I'm a little late posting this one here, but last month I wrote a story for Wired Playbook on how athletes, much like musicians, seem to have brains that are beefier in certain areas.
Instead of just comparing the brains of athletes to non-athletes -- a correlation that wouldn't necessarily show if sports causes the brain to gain mass or if people with a thicker cortex in these areas are more likely to excel in athletic competition in the first place -- the researchers determined how each year of practice correlated to changes in the brain:
However, in one of the brain areas studied, the researchers found that the number of years each athlete competed as a diver nearly predicted how thick the subject’s brain would be. If the results of this small study hold, there may be some biological truth to the adage, “practice makes perfect.” It’s as if each year of sports experience becomes neatly folded as a new layer of neurons atop previously mastered skills, physical knowledge, and competition know-how that have already been crammed into the brain.
I think it's interesting to think about how these findings could impact sports statistics in the future. I mused:
These findings provide a small glimpse of how biometric and neurological data may one day be used to gauge a player’s ability and performance. Granted, there’s still a lot of work to be done in understanding exactly what’s going on in an athlete’s head.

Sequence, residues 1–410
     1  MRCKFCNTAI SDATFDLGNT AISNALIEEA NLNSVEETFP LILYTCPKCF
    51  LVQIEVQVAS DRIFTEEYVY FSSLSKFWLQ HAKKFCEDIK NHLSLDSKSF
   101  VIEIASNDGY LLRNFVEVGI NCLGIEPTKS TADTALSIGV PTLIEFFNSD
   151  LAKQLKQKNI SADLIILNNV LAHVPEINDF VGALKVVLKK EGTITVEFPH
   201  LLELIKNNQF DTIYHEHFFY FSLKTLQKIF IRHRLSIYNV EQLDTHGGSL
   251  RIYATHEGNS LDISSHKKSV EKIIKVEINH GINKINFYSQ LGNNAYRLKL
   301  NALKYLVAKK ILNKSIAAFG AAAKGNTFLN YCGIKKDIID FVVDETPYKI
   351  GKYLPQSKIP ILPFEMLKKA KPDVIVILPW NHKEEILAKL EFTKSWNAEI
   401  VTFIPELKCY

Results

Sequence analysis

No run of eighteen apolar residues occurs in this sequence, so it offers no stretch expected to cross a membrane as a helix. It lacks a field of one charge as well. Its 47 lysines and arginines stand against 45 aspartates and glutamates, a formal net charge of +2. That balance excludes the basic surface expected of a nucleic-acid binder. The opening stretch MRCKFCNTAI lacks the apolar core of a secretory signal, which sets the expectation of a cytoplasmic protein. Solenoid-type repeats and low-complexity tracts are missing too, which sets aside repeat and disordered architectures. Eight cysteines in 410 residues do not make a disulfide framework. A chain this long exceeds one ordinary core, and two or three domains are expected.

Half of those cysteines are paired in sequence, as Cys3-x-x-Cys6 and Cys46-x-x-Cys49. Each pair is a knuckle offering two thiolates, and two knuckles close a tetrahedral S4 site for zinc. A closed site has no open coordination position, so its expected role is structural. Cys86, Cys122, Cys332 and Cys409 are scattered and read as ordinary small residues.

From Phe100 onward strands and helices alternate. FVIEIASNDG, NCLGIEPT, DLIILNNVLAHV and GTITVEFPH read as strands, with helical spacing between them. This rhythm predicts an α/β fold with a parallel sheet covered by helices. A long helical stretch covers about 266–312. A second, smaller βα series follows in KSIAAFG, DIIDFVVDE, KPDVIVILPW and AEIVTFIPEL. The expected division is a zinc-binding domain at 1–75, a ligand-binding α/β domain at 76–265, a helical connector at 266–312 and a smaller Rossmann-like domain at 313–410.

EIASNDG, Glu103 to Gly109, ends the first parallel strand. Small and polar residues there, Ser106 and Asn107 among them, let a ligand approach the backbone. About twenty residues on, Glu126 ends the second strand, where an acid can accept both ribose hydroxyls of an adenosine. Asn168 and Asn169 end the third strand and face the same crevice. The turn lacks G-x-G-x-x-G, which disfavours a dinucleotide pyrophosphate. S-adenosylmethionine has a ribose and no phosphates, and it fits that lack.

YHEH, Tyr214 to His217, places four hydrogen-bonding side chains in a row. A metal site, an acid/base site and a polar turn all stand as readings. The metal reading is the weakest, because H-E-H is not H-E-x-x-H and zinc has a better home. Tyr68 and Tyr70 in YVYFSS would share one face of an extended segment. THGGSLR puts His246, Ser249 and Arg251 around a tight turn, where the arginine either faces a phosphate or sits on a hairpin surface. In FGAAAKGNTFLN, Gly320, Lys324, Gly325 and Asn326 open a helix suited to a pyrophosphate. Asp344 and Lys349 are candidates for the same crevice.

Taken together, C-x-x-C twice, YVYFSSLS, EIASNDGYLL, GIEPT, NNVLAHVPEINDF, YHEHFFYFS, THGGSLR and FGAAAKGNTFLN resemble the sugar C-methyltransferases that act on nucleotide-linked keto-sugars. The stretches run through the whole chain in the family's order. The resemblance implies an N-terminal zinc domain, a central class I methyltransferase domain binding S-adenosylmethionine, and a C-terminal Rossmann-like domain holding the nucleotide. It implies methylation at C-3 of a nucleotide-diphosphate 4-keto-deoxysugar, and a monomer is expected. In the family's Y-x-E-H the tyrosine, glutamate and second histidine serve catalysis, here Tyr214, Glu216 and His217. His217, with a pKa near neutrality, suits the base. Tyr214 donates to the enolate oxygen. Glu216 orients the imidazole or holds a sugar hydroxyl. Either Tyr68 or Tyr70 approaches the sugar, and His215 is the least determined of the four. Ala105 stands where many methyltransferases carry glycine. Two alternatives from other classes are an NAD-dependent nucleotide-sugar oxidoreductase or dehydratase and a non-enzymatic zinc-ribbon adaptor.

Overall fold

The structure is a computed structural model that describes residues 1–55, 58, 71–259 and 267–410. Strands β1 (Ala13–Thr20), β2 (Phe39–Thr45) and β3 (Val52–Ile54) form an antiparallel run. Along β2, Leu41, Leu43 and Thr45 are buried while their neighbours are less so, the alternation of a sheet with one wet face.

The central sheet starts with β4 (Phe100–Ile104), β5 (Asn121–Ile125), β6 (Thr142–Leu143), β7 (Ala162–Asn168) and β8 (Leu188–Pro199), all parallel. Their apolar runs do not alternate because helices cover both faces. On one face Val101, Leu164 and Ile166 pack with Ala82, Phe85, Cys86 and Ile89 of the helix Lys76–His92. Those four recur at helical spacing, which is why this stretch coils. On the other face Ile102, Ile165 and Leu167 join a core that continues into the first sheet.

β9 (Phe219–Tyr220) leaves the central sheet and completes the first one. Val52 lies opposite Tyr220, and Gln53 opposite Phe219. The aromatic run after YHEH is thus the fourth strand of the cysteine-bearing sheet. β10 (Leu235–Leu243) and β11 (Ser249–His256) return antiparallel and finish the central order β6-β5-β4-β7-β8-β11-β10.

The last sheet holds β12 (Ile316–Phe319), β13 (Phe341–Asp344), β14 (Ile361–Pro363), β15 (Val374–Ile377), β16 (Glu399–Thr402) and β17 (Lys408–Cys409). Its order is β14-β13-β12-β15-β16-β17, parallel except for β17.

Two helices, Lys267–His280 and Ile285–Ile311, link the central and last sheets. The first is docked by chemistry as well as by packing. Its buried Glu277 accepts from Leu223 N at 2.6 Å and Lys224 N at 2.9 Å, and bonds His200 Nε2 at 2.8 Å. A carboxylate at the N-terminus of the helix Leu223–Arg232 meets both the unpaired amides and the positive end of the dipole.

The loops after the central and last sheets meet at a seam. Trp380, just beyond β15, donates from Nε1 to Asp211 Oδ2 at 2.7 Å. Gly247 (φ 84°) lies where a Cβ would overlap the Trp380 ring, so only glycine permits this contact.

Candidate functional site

Read the entire story here.
Photo via Flickr / alandberning
Wei, G., Zhang, Y., Jiang, T., & Luo, J. (2011). Increased Cortical Thickness in Sports Experts: A Comparison of Diving Players with the Controls PLoS ONE, 6 (2) DOI: 10.1371/journal.pone.0017112
Brian Mossop is currently the Community Editor at Wired, where he works across the brand, both magazine and website, to build and maintain strong social communities. Brian received a BS in Electrical Engineering from Lafayette College, and a PhD in Biomedical Engineering from Duke University in 2006. His postdoctoral work was in neuroscience at UCSF and Genentech.
Brian has written about science for Wired, Scientific American, Slate, Scientific American MIND, and elsewhere. He primarily cover topics on neuroscience, development, behavior change, and health.